“They had evidence that they were potentially killing people and they let that trial go on for another two years,” he said.

According to Merck, as of September 30, 2006, there are close to 24,000 Vioxx-related lawsuits filed against the company on behalf of over 41,000 plaintiff’s groups, and an additional 275 class actions seeking personal injury damages or reimbursement for the costs of buying a drug that Merck misrepresented as being safe and more effective than it actually was.

The Vioxx debacle has placed Merck, the FDA, and the issue of drug safety on center stage and the spotlight is focused on the faulty process by which new drugs are approved and advertised along with the inadequate post approval safety surveillance program.

Lawmakers on both sides of the isle have accused FDA officials of being too cozy with Merck and the over-promotion of Vioxx has led to several pieces of reform legislation aimed at the FDA’s lack of regulatory efforts toward curtailing DTC advertising abuses.

On November 17, 2006, the Senate Committee on Health, Education, Labor, and Pensions, held a hearing and gave Democrats their first chance to exercise their muscle to demonstrate how they will deal with the FDA’s stance on DTC once they become the majority in Congress next year.

The hearing titled, “Building a 21st Century FDA: Proposals to Improve Drug Safety and Innovation,” focused on Senate Bill 3807, the “Enhancing Drug Safe and Innovation Act of 2006,” co-sponsored by committee chairman, Senator Michael Enzi (R-WY), and Senator Ted Kennedy (D-MA), the next chairman of the committee.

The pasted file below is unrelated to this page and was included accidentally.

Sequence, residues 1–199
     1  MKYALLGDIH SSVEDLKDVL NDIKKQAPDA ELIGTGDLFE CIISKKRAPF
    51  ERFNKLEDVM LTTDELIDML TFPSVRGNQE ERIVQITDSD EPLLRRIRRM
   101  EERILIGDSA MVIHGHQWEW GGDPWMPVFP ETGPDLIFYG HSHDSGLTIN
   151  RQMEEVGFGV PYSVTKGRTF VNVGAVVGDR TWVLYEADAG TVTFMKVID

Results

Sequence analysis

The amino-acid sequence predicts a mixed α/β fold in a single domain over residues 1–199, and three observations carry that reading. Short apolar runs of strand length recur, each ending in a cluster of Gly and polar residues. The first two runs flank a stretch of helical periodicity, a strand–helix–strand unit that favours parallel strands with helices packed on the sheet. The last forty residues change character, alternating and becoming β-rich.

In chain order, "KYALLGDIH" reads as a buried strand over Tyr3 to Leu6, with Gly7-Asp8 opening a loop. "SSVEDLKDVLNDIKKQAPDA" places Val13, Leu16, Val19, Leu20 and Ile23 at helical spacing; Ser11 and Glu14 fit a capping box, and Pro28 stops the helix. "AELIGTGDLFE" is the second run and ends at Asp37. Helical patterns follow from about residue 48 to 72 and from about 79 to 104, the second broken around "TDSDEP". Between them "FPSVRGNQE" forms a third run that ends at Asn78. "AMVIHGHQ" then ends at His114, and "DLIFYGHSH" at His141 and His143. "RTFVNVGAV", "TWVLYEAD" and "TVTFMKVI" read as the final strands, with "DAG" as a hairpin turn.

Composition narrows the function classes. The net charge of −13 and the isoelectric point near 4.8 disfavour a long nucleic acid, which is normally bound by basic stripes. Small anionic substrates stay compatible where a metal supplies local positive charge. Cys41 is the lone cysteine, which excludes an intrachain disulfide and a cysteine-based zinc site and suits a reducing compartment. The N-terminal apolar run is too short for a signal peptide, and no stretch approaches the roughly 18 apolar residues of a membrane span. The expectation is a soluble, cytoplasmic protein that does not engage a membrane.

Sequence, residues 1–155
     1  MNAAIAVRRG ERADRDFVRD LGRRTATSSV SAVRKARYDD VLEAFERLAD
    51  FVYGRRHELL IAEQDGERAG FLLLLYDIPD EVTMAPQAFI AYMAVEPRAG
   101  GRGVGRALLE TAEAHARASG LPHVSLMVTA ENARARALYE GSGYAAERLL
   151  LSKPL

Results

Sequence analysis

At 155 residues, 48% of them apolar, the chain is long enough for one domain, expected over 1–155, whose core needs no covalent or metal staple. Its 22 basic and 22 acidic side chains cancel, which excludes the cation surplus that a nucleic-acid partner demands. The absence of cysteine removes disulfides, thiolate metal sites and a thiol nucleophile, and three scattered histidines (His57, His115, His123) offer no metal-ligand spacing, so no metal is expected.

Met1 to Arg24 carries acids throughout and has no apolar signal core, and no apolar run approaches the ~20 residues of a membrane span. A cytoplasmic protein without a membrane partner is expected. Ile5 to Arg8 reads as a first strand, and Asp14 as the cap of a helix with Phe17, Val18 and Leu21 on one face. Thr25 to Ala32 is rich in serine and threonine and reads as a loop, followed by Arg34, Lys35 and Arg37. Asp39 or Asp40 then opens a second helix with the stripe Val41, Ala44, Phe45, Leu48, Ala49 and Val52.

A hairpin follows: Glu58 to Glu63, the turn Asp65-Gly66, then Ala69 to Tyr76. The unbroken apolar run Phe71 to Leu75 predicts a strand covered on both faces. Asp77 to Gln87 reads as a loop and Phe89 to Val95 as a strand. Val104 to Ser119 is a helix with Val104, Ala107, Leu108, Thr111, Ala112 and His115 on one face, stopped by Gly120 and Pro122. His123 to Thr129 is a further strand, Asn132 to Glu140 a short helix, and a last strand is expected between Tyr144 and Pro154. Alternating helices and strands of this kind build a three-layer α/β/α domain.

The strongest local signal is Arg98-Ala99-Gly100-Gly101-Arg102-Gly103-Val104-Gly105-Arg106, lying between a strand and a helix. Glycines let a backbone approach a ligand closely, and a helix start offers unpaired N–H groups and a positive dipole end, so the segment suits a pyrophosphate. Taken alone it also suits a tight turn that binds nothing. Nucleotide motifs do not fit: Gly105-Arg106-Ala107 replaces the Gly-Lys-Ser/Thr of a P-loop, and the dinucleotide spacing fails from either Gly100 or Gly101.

A prepared statement from Senator Enzi’s office said the Senate Bill will “ensure that drug safety is not an afterthought,” and Senator Kennedy said that as chairman, he plans to hold a series of hearings aimed at FDA oversight early in 2007.

Dr Steven Nissen, MD, from the Cleveland Clinic, testified at the hearing and told the panel that the post marketing surveillance system for prescription drugs functions poorly. “Adverse event reporting,” he notes, “is voluntary and studies show that only 1 to 10% of serious adverse events are ever reported to the Agency.”